Game: Meg’s Monster
Genre: RPG, Adventure, Strategy
System: Nintendo Switch (Also on Steam (Windows), PS4 & Xbox)
Age Rating: EU 12+ | US Teen
Price: US $14.99 | UK £12.79 | EU € 14,99
Release Date: March 2nd, 2023
Review code provided with many thanks to PR Hound.
A Memorable Story
Meg’s Monster is a short turn-based RPG with an emphasis on story. Originally developed in Japan, the game now sees its Western release. If you’re looking for an RPG light on difficulty and bursting with heart then this is one you’ll certainly want to check out.
Meg is a little girl who has lost herself in the underworld of monsters. Monsters that don’t tend to take too kindly to humans and see them more as a tasty snack rather than a welcome guest. A brute of a monster known as Roy and his pal Golan stumble upon Meg and soon discover that if Meg starts to cry, it could spell the end of the underworld as they know it.
So begins a tale of a reluctant Roy taking Meg in and helping her find her Mummy. The story follows a predictable path of cuteness, especially between Roy and Meg, but it’s the game’s execution of this plot that makes it something quite memorable. NPCs are likeable with their own personalities and dialogue, which is well written. With a heavy emphasis on the story, there is a lot of dialogue to read, but I could see this being something I would playthrough with my boy someday and of course, putting on the appropriate monster voices.
Suitable for all Ages
Meg’s Monster is a story suitable for all ages with that nice mix of witty dialogue for the giggles whilst injecting moments of heart at the right moments. I have omitted a lot from the plot but I think it’s best not to spoil anything since this game’s greatest asset is the story. I’ll say it presents a small world with a lot of depth and detail and plenty of revelations to the plot. If I was to critique one part, the ending does drag a bit, which says a lot since this game isn’t very long for an RPG (under 5 hours). It felt like it just didn’t know when to end. Now I understand why people moan about the ending to the Lord of the Rings film version.
Explore and Protect
Most of the gameplay is spent exploring the underworld and talking to NPCs, with the occasional turn-based battle. Objectives are clearly marked on the main map with the odd side mission to complete if you choose. The reward for completing these missions is more depth to the story over actual in-game rewards, which might disappoint some. The turn-based battles have a unique hook to them. Roy himself is strong with an absurd amount of health. But it’s not Roy who you need to worry about; it’s little Meg standing behind you. As Roy takes damage, it upsets Meg, and if her health bar fully depletes, well, it’s game over and the end of the world.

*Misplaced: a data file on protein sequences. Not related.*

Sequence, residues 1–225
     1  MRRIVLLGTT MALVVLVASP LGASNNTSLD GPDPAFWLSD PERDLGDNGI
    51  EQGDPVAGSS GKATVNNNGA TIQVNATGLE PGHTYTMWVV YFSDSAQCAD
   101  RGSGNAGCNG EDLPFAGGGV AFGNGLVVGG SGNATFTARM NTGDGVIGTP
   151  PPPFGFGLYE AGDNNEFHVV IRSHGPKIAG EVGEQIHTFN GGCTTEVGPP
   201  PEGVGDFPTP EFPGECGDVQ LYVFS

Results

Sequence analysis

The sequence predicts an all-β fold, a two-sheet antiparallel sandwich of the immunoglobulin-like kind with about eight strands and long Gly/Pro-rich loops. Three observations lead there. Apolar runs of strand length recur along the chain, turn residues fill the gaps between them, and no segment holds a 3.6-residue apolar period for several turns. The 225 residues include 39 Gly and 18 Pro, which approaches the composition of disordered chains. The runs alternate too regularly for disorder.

Keep Meg’s Spirits Up
To keep her at bay, you need to activate toys to keep her spirits up. I liked how when you activate these, you’re treated to a little animation of Roy playing with the toy to Meg. Certainly nice of the baddies to pause while you do this. If the difficulty is a concern, I wouldn’t fret too much. Many of the battles give you clear hints on what moves to use, giving an indication of when to guard or attack. Many of the fights feel more like mini-puzzles to solve, choosing the right moment to perform a certain action. Even if you do fail you can restart the battle from the beginning. This may lack the challenge you expect from a typical turn-based RPG, but they are engaging and with no random encounters. Some may appreciate the lack of grinding.
Press or Touch
The controls are nice and simple, interesting to note in handheld mode; you can use touch controls which are just as good. If you have a little one on your lap, you could encourage them to tap the screen to progress to the new dialogue bubble or move Roy around the world.
The game displays a simple pixel graphical art style. It feels reminiscent of the Earthbound game on SNES with a childhood storybook feel to the world. The monsters are eye-catching and unique but never appear unsuitable for a young audience. The soundtrack is also excellent, composed by Reo Uratani, who had a hand in the Monster Hunter series and the recent Hi-Fi Rush. The music soothes and hits those emotional beats at just the right moments. Maybe not enough to make me cry, but I certainly get the feels.
Conclusion – Monstrous Cuddle
Meg’s Monster is a game that tickled my heartstrings, something quite rare in gaming. The moment that hit the hardest was when Meg and Roy argued and later apologized to each other in a very adorable way. As a new parent trying to learn the hardest but most rewarding job of my life, I could not help but connect to the relationship between Roy and Meg.
So it goes without saying I highly recommend this game. I will add caution because this game is pretty casual with minimal challenge. You’re playing this more for the story and less for the RPG mechanics. But if that sounds good to you, Megs Monster might be the monstrous cuddle you need in your gaming life.
Final Verdict: I Like it a Lot